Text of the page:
I’ve spent the last few years thinking about home: what makes it, who makes it, where mine is. I have spent A LOT of time on this, people. You would think, having spent so much time on it, I would have some answers.
I don’t, really. I’m in this quest for the long haul. There are certain things that make me feel home: a warm house, the smell of coffee or bubbling soup or baking bread, sitting at a table and leaning in to flickering candlelight enough so I can see it. The weight of my puppy lying on my bare feet. The sound of cars passing on rain-drenched streets. The sound of crickets.
There are certain people, too, who make me feel home.
I have yet to put all these together in any kind of cohesive way.
Now, I’m about to move into my new Seattle apartment, at the most dreary time of year here, and I’m thinking about ways to make it home as much as I can. It’s bittersweet. I want so much to feel settled for a while, to dig in, and I have no idea what being in this new place will bring. But I have my candles and my soup pot ready.
I want to close with a quote from the introduction of The New Laurel’s Kitchen, a hippie cookbook from the 70’s. The recipes are so-so, though they were influential to me as a twenty-year-old vegetarian cook. Though their influence didn’t last, (hello, I will never use low-fat cottage chees), this idea did: “Time was—and not long ago—if you wanted to live in such a way as to be warmly connected with other people, the world supported your efforts.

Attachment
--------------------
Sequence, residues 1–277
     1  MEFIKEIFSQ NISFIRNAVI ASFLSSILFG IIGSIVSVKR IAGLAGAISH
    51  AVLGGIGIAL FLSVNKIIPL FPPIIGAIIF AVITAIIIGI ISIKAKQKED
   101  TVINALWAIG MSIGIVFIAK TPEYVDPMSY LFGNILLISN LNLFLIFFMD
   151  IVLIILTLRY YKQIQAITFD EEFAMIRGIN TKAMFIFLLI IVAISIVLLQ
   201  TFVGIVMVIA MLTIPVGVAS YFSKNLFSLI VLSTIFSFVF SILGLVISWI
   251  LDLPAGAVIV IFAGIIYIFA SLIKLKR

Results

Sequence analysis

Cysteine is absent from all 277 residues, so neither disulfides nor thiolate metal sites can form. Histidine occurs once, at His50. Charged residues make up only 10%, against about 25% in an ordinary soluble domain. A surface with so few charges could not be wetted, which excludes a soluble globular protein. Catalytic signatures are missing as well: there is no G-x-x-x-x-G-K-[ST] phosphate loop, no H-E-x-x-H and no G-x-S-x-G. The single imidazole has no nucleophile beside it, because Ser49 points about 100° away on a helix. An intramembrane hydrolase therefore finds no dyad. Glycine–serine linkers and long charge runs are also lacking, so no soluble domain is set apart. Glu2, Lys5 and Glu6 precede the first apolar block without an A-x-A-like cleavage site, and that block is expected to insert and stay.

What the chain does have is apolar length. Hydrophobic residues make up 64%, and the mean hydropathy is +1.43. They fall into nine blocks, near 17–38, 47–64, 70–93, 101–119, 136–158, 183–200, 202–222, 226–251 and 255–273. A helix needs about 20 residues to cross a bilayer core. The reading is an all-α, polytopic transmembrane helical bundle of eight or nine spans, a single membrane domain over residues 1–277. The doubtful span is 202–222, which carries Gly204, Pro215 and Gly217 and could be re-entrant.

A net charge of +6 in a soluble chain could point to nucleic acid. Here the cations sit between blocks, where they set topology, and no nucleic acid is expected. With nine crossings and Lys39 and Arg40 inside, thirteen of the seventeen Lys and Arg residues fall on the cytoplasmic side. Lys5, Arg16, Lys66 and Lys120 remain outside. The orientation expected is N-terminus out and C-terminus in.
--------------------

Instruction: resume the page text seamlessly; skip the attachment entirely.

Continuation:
Today that really is not true. If you want community in any form, or family, or home, you just about have to invent it. Your version will be unique with you.
But the first and all-important step is to dig inn where you are and “make a place.”
May we all hold space for making those places, wherever we are.

2 thoughts on “Making a Place

  1. Word on the low-fat cottage cheese. I’m in a weight-loss evaluation and I’m supposed to be low-fat everything but some things I cannot compromise. Cottage cheese, mayonnaise, and salad dressings being the main culprits.
    Many of the things that make you feel at home are mine too. I’ll also add that anywhere my books are is also where home is.

  2. You can’t make a place into a home by putting objects in certain places and cooking up beloved smells. You have to come back to the place over and over again until the way there is no longer new. You have to work your way into the neighborhood until you just GO THERE when you’ve been somewhere else rather than thinking about the the route back. You have to learn the noises of the heater and the adjustment of the water in the shower. When you know where the sun will come in during every season, what will bloom first outside, and where the leaves will be blown into piles around the building, you are home, even if it’s not forever.

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